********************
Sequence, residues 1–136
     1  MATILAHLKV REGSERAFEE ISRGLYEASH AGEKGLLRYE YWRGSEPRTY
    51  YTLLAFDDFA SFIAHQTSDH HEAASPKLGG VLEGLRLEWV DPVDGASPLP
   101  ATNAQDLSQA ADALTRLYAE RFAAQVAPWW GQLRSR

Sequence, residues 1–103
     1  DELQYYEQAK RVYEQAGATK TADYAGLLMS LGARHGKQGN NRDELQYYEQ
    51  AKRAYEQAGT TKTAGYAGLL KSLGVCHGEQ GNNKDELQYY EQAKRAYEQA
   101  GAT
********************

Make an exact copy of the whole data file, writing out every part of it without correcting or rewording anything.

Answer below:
Sequence, residues 1–136
     1  MATILAHLKV REGSERAFEE ISRGLYEASH AGEKGLLRYE YWRGSEPRTY
    51  YTLLAFDDFA SFIAHQTSDH HEAASPKLGG VLEGLRLEWV DPVDGASPLP
   101  ATNAQDLSQA ADALTRLYAE RFAAQVAPWW GQLRSR

Sequence, residues 1–103
     1  DELQYYEQAK RVYEQAGATK TADYAGLLMS LGARHGKQGN NRDELQYYEQ
    51  AKRAYEQAGT TKTAGYAGLL KSLGVCHGEQ GNNKDELQYY EQAKRAYEQA
   101  GAT